We secured internal funding by demonstrating our contribution towards our Equality, Diversity and Inclusion plan, and created a part time Community for Change Officer role to provide our staff with centralised support. This role has been key to maintaining our momentum since launch, and provides a consistent point of contact to manage relationships with our partners, especially for activities that require coordination between a number of different parties, such as Nuffield Research placements.
We’ve found a strong preference for colleagues to join the Community for Change through the least time-consuming activity, Active Bystander training. Our colleagues tell us they find the barriers to face-to-face engagement activities are time and confidence. However, with a large group of staff showing willingness to support the Community for Change, we have a strong foundation to build on, and will focus on developing training and working with line managers to incorporate engagement activities into work plans.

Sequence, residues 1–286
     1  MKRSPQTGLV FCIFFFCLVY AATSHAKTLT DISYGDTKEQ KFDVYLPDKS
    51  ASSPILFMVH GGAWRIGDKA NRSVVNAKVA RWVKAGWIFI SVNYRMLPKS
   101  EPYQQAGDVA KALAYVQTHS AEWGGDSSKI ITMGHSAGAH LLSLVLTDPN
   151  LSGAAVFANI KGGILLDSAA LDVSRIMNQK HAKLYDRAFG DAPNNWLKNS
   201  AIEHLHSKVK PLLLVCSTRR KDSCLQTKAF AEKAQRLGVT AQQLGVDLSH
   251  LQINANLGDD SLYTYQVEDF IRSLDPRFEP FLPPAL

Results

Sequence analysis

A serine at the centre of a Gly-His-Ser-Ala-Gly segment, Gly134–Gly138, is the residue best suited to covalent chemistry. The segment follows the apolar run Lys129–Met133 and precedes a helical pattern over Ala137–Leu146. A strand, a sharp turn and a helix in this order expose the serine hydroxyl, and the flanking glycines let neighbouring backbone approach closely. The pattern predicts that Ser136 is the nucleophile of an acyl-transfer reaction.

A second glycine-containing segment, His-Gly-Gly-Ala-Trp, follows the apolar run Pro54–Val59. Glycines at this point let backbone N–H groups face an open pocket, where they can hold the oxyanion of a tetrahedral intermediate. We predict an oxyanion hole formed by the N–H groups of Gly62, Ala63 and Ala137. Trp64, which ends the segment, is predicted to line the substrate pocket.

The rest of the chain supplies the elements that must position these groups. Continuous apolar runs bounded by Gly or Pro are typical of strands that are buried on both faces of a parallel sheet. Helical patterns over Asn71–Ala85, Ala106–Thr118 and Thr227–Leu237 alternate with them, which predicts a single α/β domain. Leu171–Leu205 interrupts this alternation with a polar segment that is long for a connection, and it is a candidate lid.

It has been challenging to grow strong relationships with every partner organisation, as developing trust and shared commitment takes time. We recognise that we cannot offer all our partners everything they need to meet their goals. Through our Community for Change Officer, we’re dedicating resources to a single point of contact who can build trust and understanding over time.
We specifically set out to dedicate a stream of engagement to working with Black people in science, however, our partnership with Black British in Science, Technology, Engineering and Maths has not been able to take on our colleagues as mentors. We’re looking at whether open days events may offer better support for our partner, and whether we can offer our support to additional partners who work with the same audience in a different way.